What digital sustainability means for companies and what this has to do with social justice
Green Washing, Social Justice and Digitization as Sustainability?
The tomes burn and the ice melts. Between Green Washing, Social Justice and Digitization as a Sustainability Model?
The forests burn, the ice melts and the sea level rises. 2020 will be marked by the corona virus, but directly behind it, another topic has been increasingly dominating the media agenda for years: the climate crisis. Just like the virus, climate development does not stop at national borders, but shows that we are all interconnected and that some problems affect the entire globe. However, not everyone feels equally addressed. While the global south is most affected by the negative climate changes, countries such as Germany, the USA, Canada and Australia have to answer for their emissions as the largest CO2 consumers. However, this sense of responsibility has left a lot to be desired for some players for years.
Even though the release of carbon dioxide in Germany has been declining since the 1990s, the energy sector alone will continue to emit around 255 million tons of CO2 equivalents in 2019. The industrial economy released 188 million tons, consumption in the transport sector has been growing again since 2005, and currently consumes 163 million tons of CO2.
Digitization ergo sustainability?
One source of hope is the growing penetration of digitization into all areas of work and everyday life. And it’s true – the digitization of industries and communication channels can save resources in the long term.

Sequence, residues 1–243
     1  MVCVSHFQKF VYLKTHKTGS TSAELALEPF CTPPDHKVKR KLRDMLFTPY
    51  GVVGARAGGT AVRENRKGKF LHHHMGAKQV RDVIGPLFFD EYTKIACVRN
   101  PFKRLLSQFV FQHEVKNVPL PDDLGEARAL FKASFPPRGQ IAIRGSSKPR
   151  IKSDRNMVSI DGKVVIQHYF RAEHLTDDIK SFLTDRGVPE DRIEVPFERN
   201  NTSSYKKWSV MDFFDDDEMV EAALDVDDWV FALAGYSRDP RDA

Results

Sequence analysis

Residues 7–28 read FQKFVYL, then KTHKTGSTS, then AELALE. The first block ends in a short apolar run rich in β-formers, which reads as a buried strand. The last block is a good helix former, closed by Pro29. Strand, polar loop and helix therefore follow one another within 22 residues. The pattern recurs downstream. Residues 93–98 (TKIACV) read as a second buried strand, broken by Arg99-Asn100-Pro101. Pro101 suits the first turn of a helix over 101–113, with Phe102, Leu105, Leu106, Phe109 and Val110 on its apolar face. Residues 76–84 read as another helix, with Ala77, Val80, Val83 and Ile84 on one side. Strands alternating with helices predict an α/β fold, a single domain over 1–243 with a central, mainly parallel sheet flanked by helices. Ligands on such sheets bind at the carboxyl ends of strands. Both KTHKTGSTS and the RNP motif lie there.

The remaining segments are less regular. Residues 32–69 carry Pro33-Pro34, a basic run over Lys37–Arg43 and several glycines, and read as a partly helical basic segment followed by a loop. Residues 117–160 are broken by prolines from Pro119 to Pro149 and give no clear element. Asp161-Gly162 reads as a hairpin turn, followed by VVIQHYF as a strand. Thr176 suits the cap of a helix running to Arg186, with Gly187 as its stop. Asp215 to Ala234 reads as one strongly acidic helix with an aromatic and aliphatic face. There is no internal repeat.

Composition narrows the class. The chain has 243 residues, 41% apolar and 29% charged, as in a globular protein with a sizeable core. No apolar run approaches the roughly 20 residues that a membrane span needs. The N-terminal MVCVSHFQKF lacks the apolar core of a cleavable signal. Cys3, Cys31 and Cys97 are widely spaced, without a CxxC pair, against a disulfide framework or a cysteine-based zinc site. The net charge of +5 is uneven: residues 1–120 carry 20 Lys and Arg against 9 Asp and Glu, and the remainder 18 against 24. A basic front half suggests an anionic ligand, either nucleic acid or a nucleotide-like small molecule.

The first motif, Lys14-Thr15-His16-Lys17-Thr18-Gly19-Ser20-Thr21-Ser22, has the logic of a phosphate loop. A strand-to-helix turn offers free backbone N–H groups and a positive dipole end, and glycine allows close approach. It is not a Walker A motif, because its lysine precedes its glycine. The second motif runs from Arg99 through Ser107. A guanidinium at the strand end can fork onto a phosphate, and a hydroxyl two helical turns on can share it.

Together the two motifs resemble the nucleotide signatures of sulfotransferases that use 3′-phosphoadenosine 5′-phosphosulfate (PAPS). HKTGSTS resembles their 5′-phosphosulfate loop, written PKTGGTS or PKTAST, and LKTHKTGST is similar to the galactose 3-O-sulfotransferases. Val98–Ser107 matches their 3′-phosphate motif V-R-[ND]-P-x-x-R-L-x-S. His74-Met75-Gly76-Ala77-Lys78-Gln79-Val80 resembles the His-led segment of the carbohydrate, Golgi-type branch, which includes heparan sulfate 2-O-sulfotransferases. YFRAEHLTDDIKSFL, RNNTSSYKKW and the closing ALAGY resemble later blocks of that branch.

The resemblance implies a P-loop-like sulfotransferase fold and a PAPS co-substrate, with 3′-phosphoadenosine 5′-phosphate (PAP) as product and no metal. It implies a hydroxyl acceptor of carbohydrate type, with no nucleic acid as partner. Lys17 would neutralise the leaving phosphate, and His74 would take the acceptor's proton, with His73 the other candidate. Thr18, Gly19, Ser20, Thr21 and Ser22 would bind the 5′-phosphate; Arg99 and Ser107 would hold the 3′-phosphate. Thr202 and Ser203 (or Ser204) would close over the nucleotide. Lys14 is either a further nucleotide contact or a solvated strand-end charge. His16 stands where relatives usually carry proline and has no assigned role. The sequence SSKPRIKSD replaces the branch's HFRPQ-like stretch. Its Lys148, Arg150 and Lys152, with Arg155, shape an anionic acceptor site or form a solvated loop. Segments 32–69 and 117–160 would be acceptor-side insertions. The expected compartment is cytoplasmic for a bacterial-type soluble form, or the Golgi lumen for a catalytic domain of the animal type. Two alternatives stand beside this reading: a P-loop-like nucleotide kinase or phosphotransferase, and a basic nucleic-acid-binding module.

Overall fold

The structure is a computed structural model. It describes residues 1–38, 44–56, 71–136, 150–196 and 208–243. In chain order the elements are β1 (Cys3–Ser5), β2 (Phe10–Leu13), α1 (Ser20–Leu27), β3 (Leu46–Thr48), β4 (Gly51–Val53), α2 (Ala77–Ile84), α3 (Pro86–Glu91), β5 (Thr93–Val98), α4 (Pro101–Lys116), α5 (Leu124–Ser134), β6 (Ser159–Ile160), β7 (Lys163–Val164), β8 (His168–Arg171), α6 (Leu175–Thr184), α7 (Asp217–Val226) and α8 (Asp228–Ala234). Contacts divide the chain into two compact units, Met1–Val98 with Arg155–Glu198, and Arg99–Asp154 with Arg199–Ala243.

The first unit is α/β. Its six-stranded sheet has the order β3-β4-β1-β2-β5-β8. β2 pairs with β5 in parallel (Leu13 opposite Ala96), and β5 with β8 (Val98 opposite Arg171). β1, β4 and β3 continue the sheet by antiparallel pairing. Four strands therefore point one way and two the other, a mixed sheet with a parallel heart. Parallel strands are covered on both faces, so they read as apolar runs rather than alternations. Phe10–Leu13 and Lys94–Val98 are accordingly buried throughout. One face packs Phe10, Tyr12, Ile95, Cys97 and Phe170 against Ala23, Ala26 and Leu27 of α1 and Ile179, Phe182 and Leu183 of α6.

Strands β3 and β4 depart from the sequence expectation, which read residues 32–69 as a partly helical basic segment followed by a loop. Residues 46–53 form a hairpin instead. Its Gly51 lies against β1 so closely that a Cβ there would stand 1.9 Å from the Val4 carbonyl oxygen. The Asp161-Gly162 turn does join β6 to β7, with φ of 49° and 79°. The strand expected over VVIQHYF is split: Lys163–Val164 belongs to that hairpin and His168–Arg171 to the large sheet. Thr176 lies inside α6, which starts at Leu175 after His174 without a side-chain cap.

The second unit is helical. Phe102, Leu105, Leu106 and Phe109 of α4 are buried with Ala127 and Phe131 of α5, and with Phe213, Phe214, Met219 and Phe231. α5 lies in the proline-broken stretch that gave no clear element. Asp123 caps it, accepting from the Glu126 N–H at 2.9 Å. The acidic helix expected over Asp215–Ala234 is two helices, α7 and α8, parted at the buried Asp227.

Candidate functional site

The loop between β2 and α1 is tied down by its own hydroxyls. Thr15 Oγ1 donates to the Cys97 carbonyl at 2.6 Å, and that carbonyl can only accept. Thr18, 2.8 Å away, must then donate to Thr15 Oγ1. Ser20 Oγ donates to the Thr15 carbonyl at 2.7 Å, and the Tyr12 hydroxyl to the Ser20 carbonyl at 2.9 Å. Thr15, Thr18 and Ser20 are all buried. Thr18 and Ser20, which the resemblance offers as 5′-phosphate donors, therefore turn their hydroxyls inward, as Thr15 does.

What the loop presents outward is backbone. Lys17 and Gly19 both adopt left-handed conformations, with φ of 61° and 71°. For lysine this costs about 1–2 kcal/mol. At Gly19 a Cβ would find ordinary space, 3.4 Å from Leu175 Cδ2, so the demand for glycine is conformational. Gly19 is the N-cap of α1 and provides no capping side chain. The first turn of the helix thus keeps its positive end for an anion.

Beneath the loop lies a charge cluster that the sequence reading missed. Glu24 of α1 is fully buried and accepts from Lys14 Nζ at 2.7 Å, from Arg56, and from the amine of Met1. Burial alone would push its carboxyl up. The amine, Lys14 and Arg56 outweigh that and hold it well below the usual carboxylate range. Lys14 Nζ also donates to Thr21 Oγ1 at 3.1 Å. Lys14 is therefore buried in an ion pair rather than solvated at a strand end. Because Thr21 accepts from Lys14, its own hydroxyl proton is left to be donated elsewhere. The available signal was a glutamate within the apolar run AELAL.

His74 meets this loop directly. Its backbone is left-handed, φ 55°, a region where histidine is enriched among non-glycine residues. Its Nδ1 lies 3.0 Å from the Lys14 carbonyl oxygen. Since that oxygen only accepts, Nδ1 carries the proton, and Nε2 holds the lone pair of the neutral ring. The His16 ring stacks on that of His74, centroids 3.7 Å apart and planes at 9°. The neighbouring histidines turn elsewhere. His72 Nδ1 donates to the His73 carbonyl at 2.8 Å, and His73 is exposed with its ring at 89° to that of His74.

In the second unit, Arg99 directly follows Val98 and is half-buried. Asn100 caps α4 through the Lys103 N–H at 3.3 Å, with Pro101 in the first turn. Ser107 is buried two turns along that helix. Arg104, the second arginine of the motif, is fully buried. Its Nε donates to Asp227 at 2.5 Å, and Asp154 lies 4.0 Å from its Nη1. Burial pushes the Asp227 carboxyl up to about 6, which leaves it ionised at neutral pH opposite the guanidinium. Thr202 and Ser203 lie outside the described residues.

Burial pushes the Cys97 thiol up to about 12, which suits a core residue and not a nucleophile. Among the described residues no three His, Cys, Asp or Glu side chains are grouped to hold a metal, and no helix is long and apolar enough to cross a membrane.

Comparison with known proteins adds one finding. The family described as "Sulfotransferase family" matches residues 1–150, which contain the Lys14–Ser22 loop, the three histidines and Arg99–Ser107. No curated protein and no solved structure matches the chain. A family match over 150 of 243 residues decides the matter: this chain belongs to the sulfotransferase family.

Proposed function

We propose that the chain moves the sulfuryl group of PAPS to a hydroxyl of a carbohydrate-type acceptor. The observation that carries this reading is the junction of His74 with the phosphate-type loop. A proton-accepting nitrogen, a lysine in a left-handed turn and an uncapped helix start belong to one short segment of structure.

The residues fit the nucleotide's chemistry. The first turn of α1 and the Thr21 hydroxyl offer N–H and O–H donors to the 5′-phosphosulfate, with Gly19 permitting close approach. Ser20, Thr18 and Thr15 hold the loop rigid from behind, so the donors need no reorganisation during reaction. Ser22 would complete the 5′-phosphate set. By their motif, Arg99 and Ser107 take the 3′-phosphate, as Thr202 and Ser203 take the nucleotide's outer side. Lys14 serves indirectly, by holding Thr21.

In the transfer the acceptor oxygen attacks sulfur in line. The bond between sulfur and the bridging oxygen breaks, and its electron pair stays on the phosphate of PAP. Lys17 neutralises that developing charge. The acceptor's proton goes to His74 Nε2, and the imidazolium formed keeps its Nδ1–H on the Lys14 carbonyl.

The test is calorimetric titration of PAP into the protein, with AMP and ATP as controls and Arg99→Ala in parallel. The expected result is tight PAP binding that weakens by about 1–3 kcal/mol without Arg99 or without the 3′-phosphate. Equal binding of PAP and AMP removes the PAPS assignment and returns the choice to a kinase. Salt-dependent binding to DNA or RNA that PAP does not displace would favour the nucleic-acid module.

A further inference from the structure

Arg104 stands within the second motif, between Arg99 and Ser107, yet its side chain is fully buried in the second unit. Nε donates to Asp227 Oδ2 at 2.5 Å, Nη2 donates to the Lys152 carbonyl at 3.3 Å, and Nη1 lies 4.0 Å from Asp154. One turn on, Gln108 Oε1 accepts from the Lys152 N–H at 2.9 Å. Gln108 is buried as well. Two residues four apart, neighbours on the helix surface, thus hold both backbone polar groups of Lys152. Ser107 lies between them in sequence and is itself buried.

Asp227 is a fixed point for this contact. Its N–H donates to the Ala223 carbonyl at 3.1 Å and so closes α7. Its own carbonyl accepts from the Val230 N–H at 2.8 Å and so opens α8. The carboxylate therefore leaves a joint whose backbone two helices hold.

But you have to differentiate – digital does not automatically mean sustainable. Although digitization offers great potential for a sustainable profile, to put it simply: servers also need electricity for data communication and air conditioning. A 2019 study by the think tank “The Shift Project” clearly states: If the Internet were a state, it would rank sixth for the highest energy consumption worldwide. Globally, the information and communications sector accounts for around 10 percent of total power consumption. That is currently less than five percent of CO2 consumption, but as we all know: the trend is rising, and exponentially!
There is no getting around it: in order to protect the environment and prevent climate collapse, digitization must be further expanded. The European Commission has formulated the ambitious goal that data centers and telecommunications must be climate-neutral by 2030, with a focus on renewable energies. The German Ministry of the Environment is also slowly picking up speed: the necessary infrastructure and electronic devices are to be checked for energy efficiency in the future, with the aim of establishing binding minimum requirements. Energy-saving and resource-saving software can already be labeled with the Blue Angel for sustainable software design. So much for the political situation.
Green Washing – the campaign strategy of the year?
As in politics, the topic of sustainability has been increasingly heard by the general public for years. That it is possible to capitalize on this is obvious. In recent years, there have been repeated campaigns by well-known companies that want to appear as ecological and green as possible, because this is the best way to sell products or services. This is exactly what the term “green washing” describes – companies that present themselves to the outside world as being environmentally conscious, but are actually not. It is the responsibility of consumers to see through these campaigns.